There are a huge number of tablet-like devices on the market that, by including tablet features to the Wii U’s controller, are placed in direct competition with the console. What’s more, the capabilities of say an iPad far exceed that of a Wii U controller. So the Wii U was released in an already over-saturated marketplace as a subpar product that has almost none of the features consumers want from a tablet device. If you take the Wii U controller more than ten to fifteen feet away from the system, it cannot even function. Some ‘tablet’ technology!

In short: the tablet controller is a gimmick that people don’t want or need. Unlike the equally gimmicky Wii itself, which provided a unique novelty in its motion sensor tech, the Wii U has no competitive edge or unique feature to distinguish it from its competitors.

2. Zero third party support

It was very early on in the Wii U’s lifespan that third party developers and publishers decided they wouldn’t be making games for the new Nintendo console. It’s just simply too expensive to port games for the Wii U, due to the huge differences between the system hierarchies and structures of say, the XBox and the Wii U. And according to this recent article, it seems the NX is unlikely to see much third party support itself.

Nintendo have always tried to maintain a certain standard for their proprietary games. This is good in many respects: but the unintended downside is that, once third party support goes away, the number of releases for the Nintendo console slow to a trickle. Nintendo can’t keep up with the PS4 or the XBone if they continue to either a) design difficult to port consoles or b) release games so very slowly. Third party support is important, because many console gamers only want to own one console (due to the obvious expense of buying more than one). Releasing a Mario Kart/Smash Bros machine without an option for third party support may have not been the smartest financial decision.

3. Overshadowed by the 3DS

The 3DS is an incredible handheld console – so great, in fact, that it completely overshadows its big brother. The 3DS is extremely popular in the US, Europe, and Asia – which turned out to be a curse in disguise, at least for the fate of the Wii U. One of the Wii U’s biggest sellers, Smash Bros, is available for both systems. Many of the virtual console games are, as well. Considering you only miss out on one or two big name titles, who wouldn’t take the 3DS over the Wii U any day – considering it’s around $100 cheaper? Also, as I mentioned before, Nintendo have overburdened themselves by having to be the sole developer for both 3DS and Wii U games. This has just exacerbated the issue of their being too few games for the Wii U.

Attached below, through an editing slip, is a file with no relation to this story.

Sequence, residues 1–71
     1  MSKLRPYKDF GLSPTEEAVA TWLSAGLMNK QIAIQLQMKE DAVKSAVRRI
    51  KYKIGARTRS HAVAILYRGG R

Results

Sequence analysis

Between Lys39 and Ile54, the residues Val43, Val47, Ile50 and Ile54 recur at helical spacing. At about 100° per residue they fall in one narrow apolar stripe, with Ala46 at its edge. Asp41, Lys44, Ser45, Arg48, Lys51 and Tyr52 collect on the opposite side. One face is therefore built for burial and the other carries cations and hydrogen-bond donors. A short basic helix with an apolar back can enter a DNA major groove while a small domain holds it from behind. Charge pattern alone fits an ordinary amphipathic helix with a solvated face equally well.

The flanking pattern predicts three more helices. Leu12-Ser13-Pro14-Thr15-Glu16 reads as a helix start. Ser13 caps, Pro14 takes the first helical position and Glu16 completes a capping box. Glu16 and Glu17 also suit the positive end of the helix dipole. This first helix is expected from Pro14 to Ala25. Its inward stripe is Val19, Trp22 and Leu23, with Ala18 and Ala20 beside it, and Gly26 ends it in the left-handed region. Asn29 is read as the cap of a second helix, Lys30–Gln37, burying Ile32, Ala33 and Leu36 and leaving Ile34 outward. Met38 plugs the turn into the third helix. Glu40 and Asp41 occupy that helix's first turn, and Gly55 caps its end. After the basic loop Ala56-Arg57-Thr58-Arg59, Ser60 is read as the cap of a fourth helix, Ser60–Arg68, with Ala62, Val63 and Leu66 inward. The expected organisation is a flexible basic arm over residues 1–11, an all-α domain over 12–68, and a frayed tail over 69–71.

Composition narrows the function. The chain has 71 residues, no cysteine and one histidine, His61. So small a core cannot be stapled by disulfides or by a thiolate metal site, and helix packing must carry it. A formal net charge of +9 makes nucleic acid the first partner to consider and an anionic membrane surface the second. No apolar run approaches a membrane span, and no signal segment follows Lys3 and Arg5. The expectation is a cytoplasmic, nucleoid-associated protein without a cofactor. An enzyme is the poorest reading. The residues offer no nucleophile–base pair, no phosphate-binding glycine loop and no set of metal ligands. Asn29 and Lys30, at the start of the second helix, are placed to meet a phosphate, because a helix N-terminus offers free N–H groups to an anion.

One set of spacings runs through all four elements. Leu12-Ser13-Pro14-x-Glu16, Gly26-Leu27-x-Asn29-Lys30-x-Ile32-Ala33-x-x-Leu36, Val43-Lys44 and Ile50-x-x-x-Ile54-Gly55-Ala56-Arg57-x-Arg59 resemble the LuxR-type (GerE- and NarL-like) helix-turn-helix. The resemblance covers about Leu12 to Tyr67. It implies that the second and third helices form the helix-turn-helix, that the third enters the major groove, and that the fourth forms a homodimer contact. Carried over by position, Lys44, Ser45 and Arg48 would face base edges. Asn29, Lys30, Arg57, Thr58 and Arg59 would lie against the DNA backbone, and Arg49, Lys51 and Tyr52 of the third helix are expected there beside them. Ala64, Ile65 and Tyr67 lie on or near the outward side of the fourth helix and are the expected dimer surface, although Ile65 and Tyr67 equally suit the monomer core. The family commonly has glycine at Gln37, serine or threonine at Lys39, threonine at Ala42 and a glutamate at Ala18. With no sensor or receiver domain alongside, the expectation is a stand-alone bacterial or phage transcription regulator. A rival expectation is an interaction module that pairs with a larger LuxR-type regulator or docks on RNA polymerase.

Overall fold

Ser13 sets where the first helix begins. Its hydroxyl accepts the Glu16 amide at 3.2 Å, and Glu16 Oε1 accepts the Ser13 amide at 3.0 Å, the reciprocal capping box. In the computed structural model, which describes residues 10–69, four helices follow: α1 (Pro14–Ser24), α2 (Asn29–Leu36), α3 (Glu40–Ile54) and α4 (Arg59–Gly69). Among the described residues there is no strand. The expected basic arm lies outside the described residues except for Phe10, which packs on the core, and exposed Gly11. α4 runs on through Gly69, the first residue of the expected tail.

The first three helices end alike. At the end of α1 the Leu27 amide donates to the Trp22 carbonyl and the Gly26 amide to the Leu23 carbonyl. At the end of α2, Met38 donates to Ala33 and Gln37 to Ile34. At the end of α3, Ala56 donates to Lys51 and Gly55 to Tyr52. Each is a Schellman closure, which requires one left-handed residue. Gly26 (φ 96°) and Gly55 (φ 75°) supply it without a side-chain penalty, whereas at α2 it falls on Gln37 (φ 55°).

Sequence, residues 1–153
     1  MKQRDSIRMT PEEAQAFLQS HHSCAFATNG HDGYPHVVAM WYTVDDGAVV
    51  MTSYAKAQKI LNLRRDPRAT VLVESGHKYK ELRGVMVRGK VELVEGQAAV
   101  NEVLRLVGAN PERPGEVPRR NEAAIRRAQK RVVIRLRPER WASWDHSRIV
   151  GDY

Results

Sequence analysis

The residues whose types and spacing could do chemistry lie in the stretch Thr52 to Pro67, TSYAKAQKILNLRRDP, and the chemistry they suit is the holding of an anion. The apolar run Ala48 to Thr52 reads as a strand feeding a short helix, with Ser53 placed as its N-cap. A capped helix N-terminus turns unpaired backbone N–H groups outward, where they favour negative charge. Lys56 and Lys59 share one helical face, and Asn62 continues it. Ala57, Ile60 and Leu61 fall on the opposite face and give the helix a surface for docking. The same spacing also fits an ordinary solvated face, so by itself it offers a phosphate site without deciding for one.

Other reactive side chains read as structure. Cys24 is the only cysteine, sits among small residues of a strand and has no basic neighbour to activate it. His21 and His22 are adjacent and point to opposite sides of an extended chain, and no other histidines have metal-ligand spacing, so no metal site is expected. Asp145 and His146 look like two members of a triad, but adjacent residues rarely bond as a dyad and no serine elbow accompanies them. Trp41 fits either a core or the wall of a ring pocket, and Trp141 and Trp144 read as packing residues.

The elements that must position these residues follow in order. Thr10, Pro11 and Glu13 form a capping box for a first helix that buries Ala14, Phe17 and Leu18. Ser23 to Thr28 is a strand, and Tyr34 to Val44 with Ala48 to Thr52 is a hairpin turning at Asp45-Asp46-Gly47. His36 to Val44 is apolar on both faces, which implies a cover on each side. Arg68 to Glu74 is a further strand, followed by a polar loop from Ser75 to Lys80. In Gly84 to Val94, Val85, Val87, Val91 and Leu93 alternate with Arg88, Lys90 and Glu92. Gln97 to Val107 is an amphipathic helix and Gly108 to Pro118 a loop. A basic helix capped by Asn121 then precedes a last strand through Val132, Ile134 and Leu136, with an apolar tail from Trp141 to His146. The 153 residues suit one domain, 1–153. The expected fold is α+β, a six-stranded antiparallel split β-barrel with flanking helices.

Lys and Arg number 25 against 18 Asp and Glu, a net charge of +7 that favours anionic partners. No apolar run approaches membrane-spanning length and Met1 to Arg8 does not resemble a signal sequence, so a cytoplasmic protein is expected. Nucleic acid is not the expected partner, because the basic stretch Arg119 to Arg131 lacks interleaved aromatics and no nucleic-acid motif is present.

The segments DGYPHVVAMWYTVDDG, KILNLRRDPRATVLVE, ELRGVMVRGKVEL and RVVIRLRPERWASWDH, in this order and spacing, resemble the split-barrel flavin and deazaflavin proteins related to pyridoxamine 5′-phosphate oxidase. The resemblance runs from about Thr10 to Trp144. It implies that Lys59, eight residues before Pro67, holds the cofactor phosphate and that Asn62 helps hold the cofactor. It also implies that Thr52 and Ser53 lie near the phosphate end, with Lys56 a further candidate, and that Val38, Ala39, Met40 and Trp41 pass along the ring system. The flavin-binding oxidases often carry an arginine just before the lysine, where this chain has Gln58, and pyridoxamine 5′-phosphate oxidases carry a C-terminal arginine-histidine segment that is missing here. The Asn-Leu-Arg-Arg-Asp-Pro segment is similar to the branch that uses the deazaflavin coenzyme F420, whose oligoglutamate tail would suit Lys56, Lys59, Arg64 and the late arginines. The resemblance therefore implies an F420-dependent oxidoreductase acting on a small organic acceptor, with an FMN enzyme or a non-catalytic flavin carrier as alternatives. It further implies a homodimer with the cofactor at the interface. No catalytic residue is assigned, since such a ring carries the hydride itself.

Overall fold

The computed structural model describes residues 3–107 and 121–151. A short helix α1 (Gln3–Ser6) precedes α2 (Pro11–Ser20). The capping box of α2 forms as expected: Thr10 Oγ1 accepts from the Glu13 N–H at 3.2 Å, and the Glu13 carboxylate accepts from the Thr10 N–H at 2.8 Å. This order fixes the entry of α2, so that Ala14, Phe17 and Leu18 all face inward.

4. Not enough new games worth playing

When the new Metroid spinoff was unveiled, a huge majority of Nintendo fans were furious. But the rage this boneheaded move incurred was only so fervent due to the lack of flagship Nintendo games for Wii U.

The Wii U was in desperate need of some proprietary ‘killer app’ games; new banner titles in any of the Nintendo franchises we all love. What we got instead were a handful of spin-offs, remakes, and novelty games with beloved series titles slapped on to cynically shift units. With Star Fox: Zero looking empty, graphically unimpressive, and boring, that only leaves the much heralded Zelda title to keep Nintendo fans interested in the console…and it was recently announced that the game that was once called Zelda: Wii U will now – much like Twilight Princess before it – be cross-console with the NX. Who would buy the Wii U version when the NX version will likely be graphically superior? Once again, Nintendo has made a decision that cripples the potential for the Wii U to build up steam.


Spin-offs and novelty titles aren’t what gamers want from Nintendo! Hyrule Warriors was a decent game, don’t get me wrong – as was Captain Toad: Treasure Tracker. And Mario Maker also looks like it’ll be a hoot and a half. But none of these games, despite their titles and characters, are true Wii U versions of their respective franchises. The only game released for the Wii U featuring a big Nintendo franchise name that felt like a true, flagship game, was Super Mario 3D World. One game, released in 2013. That’s the extent of the Wii U’s library of big Nintendo-made games, unless you count Smash Bros which itself is – despite being amazingly fun and jam packed with content – is arguably little more than a spin-off.

5. A terrible virtual console

For my money, this was the biggest blunder in a long list of mistakes made by Nintendo. Why are there so few quality Virtual Console games for the Wii U? One of the biggest things Nintendo has going for it is its long history of classic titles. Why are they being so stingy with porting them for their first HD console? Maybe they’re planning to ‘remaster’ every single one of their classic Nintendo 64, Gamecube, and SNES games for a cheap profit sometime soon. I hope to God that isn’t the case.

Sure, we got a handful of ports. Super Mario 64, Donkey Kong 64, and even Super Metroid. In the SNES department, we were also glad to get a chance to revisit Mega Man, Street Fighter, and Donkey Kong Country. But the SNES had one of the best libraries of any console – especially in the RPG department. Where in the hell is Final Fantasy VI? Or Chrono Trigger? Or Star Ocean, Breath of Fire, Paladin’s Quest, etc?